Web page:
More Ketchikan School District parents spoke out against the district's draft reopening plan for the 2020-21 school year during the Ketchikan School Board's regular meeting Wednesday evening.
Eight parents spoke for more than an hour total during the public comment portion of the meeting, all criticizing the district's revisions to its Smart Start reopening plan that Superintendent Beth Lougee announced on Tuesday evening.
Under the original plan, which the board unanimously approved at its May 27 regular meeting, students would learn through a mix of in-person and remote teaching methods according to the community's risk of transmission of the novel coronavirus.
At the board's June 11 regular meeting, more than 20 district parents expressed dismay with a host of aspects of the draft plan.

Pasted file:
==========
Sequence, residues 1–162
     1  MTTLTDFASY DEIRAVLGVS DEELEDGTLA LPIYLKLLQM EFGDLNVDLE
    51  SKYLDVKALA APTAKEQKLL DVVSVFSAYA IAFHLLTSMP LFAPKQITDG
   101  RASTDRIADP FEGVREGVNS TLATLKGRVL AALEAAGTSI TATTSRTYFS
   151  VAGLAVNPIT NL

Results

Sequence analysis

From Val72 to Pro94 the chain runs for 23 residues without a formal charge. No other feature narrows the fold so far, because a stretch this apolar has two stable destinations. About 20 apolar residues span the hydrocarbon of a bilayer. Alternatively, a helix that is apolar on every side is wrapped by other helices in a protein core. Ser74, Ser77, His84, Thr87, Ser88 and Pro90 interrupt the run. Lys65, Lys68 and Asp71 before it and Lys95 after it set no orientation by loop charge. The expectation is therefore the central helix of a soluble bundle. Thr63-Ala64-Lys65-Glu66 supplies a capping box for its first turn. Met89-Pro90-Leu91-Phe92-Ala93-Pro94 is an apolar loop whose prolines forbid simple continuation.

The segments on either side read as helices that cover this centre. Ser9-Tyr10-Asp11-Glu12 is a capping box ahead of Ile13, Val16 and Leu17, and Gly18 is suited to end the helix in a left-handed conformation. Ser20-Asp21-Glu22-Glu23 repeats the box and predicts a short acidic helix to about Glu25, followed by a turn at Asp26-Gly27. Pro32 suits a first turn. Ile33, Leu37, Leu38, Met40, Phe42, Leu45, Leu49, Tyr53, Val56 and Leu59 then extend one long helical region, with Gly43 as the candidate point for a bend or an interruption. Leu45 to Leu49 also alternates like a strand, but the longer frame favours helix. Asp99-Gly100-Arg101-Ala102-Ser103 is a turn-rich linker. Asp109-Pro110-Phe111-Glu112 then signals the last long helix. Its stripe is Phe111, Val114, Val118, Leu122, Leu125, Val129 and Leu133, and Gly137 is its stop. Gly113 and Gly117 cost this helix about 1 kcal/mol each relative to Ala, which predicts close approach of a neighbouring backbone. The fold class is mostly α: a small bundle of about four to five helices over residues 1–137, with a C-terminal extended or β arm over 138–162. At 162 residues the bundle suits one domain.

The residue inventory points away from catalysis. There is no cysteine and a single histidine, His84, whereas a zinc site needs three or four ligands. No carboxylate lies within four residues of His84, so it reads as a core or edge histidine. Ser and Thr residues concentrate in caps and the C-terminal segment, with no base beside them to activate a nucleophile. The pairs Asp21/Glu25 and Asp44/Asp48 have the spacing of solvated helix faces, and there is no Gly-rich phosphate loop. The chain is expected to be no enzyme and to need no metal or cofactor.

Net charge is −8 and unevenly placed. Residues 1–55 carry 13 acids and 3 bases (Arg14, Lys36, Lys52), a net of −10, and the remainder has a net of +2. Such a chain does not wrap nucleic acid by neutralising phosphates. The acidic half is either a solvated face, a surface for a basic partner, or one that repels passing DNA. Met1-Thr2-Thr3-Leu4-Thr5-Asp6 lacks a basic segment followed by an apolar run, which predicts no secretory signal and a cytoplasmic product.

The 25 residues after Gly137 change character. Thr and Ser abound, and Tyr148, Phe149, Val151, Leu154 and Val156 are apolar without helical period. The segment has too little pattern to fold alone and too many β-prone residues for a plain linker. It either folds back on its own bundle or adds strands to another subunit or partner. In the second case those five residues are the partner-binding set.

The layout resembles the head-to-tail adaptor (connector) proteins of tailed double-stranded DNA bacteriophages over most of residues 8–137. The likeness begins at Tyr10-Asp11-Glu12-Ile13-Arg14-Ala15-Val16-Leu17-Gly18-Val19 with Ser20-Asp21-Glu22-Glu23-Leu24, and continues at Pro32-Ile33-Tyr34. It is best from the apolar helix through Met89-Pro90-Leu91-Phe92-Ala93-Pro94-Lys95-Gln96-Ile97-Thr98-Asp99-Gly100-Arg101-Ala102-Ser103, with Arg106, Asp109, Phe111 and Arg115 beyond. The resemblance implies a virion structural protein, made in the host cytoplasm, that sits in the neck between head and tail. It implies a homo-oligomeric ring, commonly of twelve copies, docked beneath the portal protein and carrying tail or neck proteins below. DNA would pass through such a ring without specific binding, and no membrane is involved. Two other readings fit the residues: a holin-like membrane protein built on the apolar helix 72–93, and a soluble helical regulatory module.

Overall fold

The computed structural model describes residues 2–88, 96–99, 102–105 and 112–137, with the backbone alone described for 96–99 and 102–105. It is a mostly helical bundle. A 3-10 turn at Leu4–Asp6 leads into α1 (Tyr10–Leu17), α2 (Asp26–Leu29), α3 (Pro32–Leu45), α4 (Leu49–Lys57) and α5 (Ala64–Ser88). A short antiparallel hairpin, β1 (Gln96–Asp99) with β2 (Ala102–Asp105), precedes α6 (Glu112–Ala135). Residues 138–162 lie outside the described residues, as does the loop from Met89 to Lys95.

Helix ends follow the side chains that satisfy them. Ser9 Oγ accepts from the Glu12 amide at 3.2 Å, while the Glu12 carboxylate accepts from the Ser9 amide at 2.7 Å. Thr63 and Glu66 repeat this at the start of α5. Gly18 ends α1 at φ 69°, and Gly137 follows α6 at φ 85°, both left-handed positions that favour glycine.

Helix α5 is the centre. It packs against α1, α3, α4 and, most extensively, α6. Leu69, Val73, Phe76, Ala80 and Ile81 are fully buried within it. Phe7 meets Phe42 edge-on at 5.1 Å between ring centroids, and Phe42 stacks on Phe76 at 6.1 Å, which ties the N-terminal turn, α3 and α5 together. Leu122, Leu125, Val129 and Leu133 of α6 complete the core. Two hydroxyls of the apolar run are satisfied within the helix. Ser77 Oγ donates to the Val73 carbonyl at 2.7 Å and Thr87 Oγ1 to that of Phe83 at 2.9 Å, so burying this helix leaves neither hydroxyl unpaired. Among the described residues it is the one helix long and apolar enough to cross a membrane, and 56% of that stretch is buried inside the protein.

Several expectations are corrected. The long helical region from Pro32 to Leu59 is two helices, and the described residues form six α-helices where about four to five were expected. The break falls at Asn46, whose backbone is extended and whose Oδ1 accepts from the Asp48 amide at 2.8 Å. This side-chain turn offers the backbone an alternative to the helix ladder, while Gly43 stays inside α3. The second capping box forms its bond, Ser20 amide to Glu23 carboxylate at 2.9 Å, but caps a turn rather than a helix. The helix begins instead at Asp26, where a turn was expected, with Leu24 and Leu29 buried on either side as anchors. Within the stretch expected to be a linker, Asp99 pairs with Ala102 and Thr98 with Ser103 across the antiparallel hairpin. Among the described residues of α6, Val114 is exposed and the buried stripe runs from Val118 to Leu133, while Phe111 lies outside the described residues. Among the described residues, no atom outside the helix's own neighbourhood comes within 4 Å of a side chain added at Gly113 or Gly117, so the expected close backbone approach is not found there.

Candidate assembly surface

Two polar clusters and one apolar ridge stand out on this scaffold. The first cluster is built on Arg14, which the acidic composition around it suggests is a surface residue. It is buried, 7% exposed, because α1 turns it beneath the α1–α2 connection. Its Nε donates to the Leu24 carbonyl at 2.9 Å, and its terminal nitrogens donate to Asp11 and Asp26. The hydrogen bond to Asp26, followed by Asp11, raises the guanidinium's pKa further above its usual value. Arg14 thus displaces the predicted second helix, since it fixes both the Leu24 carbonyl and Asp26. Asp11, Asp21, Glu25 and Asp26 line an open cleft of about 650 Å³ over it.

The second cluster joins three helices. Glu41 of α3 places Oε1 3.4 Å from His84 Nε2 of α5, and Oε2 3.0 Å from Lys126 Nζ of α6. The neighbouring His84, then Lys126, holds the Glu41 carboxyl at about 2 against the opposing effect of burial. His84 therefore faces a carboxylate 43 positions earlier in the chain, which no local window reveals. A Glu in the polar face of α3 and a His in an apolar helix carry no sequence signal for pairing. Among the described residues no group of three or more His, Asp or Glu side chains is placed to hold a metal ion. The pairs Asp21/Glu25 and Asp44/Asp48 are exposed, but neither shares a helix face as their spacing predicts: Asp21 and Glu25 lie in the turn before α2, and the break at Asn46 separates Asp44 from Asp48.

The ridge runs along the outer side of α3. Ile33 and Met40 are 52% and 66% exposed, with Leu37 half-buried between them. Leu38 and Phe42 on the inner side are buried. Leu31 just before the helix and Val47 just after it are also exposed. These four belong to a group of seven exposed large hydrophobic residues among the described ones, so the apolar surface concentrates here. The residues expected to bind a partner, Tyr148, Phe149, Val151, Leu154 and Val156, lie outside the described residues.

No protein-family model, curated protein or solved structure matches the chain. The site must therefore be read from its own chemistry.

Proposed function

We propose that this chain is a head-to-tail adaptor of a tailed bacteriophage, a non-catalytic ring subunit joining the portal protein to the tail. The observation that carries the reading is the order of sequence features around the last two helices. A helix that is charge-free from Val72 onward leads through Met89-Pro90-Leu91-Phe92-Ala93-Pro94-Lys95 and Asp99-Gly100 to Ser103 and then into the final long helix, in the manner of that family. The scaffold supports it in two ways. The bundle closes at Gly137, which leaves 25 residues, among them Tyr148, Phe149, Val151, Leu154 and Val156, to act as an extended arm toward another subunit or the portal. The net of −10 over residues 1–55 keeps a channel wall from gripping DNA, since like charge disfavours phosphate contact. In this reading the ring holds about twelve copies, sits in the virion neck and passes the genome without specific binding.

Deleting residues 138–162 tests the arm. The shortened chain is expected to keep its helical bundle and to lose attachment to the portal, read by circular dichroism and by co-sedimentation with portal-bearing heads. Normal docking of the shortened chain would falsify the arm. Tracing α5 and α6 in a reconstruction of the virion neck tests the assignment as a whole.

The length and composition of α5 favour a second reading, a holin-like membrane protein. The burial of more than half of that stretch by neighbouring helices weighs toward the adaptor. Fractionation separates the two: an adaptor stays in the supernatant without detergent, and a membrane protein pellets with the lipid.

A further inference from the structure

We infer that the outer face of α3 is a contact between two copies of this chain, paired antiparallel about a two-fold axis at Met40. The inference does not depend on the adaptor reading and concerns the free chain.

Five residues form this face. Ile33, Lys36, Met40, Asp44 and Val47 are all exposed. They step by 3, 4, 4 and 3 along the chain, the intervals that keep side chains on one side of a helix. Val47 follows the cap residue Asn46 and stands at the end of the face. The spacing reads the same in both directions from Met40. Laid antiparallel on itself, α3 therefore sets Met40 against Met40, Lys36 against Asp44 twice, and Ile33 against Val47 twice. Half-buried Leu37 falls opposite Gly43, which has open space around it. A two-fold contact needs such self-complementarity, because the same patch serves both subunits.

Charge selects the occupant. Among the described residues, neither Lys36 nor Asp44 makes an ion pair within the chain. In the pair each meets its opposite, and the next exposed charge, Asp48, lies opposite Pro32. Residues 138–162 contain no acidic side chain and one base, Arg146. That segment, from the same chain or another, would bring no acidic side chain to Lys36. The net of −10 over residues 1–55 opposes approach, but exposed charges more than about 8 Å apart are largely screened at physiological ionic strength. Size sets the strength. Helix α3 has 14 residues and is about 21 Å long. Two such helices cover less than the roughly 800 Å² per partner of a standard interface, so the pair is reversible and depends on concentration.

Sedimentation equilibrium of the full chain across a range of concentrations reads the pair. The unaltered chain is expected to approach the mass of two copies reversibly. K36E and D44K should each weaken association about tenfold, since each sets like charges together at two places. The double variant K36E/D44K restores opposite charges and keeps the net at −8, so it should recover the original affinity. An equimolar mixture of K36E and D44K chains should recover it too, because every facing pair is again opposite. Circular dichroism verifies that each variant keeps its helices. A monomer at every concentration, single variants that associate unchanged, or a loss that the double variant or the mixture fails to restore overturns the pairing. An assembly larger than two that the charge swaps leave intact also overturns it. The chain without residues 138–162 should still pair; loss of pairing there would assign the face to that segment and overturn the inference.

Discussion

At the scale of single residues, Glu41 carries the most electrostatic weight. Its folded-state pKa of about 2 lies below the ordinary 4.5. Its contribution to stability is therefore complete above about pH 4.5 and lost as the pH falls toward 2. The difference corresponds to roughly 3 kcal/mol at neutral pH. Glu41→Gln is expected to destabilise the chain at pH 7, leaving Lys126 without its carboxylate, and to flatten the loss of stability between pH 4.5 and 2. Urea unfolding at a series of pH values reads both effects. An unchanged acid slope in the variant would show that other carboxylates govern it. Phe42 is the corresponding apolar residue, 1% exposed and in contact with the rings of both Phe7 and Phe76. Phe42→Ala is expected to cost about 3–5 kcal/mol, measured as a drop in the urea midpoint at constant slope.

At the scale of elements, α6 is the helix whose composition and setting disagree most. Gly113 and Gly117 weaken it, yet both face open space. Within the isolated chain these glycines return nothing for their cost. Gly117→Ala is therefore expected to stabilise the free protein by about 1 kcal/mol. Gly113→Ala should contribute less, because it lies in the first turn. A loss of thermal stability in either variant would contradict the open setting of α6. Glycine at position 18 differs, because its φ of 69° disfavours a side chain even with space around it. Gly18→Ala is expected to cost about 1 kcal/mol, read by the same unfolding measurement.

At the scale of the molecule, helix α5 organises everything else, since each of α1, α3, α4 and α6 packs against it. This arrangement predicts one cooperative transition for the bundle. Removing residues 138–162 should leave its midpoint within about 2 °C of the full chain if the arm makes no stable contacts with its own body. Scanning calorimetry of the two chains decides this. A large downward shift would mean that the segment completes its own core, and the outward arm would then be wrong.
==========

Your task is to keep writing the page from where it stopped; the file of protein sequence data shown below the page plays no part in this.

Parents on Wednesday reiterated concerns expressed at the board's June 11 meeting that students would not be able to learn effectively with remote teaching methods and with fewer opportunities to socialize with peers. Several said the district needed to think of more creative solutions that would allow students to continue to learn in person, rather than relying on remote teaching methods.
Lougee said that she understood the parents' concerns and emphasized that the draft plan approved on May 27 was always intended to be a continuous project. She said that she will make sure parents are informed as district administrators make decisions, and thanked community members who spoke Wednesday for sharing their thoughts.
"We are listening. We will continue to listen," Lougee said.
Also at Wednesday's meeting, the board unanimously voted to approve $1.36 million in routine end-of-year budget transfers for the district.
Further coverage of Wednesday's board meeting will be published in a future edition of the Daily News.